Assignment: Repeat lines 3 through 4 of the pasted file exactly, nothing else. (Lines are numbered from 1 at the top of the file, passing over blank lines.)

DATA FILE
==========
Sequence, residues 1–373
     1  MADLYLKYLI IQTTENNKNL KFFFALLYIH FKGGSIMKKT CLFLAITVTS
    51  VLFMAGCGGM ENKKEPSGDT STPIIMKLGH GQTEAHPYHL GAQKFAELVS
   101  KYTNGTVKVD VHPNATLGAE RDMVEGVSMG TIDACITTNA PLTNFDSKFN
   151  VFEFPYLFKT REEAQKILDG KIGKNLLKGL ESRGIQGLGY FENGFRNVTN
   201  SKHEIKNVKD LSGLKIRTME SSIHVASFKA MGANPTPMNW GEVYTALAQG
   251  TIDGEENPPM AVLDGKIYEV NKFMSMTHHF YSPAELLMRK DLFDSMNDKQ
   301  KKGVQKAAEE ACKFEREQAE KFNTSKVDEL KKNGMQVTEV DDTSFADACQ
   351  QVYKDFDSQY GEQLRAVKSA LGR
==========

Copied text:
    51  VLFMAGCGGM ENKKEPSGDT STPIIMKLGH GQTEAHPYHL GAQKFAELVS
   101  KYTNGTVKVD VHPNATLGAE RDMVEGVSMG TIDACITTNA PLTNFDSKFN